Gender, the law and data science
‘On the Basis of Sex’ was the title of a movie released earlier this year about the life of pioneering American lawyer and Supreme Court Judge, Ruth Bader Ginsburg and her work to overturn laws which unfairly discriminate on the basis of gender.
It might not make a movie script but UTS Law’s Dr Ramona Vijeyarasa is working in a similar area – looking at how women are affected by laws passed in a range of countries.
It’s a unique research project which involves the creation of the Gender Legislative Index (GLI) - a tool which categorises laws in terms of gender bias - with the help of Data Science.
The GLI is a world first and aims to encourage countries to uphold women’s rights when drafting legislation; whether the laws address domestic violence or set out the rules for tax or finance.
There’s a huge amount of data collected for the index. Laws are assessed against a set of seven questions and rated as Gender-regressive, Gender blind, Gender-neutral or Gender-responsive. They are then rated overall from a scale of “Complete disregard for international law” through to “Meeting international standards”.
Dr Vijeyarasa says she wanted to ensure the index was strong on methodology but would also be easily accessible for lawyers, activists and policymakers:
My goal was to create a tool that would advance accountability for women’s rights. I needed it to be both a strong piece of research as well as a database that was user-friendly and appealing.
That’s where the expertise of UTS Data Science comes in.
Rapido is an advanced technology development unit that works with many types of organisations, including not-for-profits through its pro bono arm, Rapido Social. CIC works in close partnership with faculties and business units to provide research-based data science tools and expertise.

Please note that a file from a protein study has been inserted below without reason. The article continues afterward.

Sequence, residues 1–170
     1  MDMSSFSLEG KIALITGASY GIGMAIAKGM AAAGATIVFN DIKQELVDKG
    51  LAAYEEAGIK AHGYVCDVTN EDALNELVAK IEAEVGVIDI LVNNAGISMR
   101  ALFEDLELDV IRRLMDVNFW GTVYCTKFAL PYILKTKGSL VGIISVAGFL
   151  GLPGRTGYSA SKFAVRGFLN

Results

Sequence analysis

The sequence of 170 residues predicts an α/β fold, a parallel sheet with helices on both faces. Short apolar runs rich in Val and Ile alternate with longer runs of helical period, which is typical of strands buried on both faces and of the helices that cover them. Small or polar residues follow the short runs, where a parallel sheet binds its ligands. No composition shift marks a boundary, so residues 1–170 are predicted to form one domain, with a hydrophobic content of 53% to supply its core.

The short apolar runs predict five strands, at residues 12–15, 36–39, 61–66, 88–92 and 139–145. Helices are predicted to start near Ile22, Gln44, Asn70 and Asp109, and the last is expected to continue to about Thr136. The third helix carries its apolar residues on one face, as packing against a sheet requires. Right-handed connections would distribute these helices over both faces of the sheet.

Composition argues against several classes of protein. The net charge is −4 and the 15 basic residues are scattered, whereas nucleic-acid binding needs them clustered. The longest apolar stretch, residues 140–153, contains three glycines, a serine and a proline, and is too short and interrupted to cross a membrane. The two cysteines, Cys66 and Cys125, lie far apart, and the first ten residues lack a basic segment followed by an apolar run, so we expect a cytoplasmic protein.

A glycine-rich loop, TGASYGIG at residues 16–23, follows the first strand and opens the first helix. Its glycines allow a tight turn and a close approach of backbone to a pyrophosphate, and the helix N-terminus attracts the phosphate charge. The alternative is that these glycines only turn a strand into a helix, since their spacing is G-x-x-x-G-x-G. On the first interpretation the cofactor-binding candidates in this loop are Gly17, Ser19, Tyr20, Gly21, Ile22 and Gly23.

CIC and Rapido specialists developed the evaluation tool which uses heat-map visualisations to show how each evaluator assessed each law; and an algorithm to calculate the overall rankings.
Dr Vijeyarasa says by using Data Science, the index combines meaningful aggregation of the different parts of each law’s evaluation, while also giving users an overall score to facilitate comparisons across laws and countries:
I needed to process the data in a way that could give users a quick snapshot but without losing the richness underneath.
It was a first for everyone involved.
Rapido Social had never worked with lawyers before and the team at CIC were experimenting with a newly designed decision ‘‘tree’ to create an algorithm for a computer-generated score for each law.
Dr Vijeyarasa says it was an incredible learning experience:
The learning curve was steep but rewarding – now it’s hard for me to imagine doing future research that doesn’t involve collaboration of some kind.
It’s hoped the Gender Legislative Index will be used by activists to push for law reforms and address inequality suffered by women - in short, to work for laws which only discriminate in a positive way on the basis of sex.